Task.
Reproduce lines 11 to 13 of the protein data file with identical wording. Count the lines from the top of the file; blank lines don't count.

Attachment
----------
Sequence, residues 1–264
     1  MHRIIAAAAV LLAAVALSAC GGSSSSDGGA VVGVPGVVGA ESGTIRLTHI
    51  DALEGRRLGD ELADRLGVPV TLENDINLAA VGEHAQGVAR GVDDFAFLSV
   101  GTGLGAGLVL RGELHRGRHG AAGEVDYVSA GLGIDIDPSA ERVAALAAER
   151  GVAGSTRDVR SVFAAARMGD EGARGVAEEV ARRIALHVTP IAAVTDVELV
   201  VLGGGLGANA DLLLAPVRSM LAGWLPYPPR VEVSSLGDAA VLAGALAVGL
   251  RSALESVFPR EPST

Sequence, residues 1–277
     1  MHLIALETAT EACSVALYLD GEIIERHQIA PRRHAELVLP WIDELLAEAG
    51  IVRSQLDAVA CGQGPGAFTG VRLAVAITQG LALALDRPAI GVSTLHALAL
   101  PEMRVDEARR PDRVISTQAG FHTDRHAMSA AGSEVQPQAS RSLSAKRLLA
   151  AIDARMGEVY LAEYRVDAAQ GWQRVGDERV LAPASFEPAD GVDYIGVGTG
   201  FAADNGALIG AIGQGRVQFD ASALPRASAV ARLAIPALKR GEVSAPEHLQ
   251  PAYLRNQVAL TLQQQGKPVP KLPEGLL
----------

   101  PEMRVDEARR PDRVISTQAG FHTDRHAMSA AGSEVQPQAS RSLSAKRLLA
   151  AIDARMGEVY LAEYRVDAAQ GWQRVGDERV LAPASFEPAD GVDYIGVGTG
   201  FAADNGALIG AIGQGRVQFD ASALPRASAV ARLAIPALKR GEVSAPEHLQ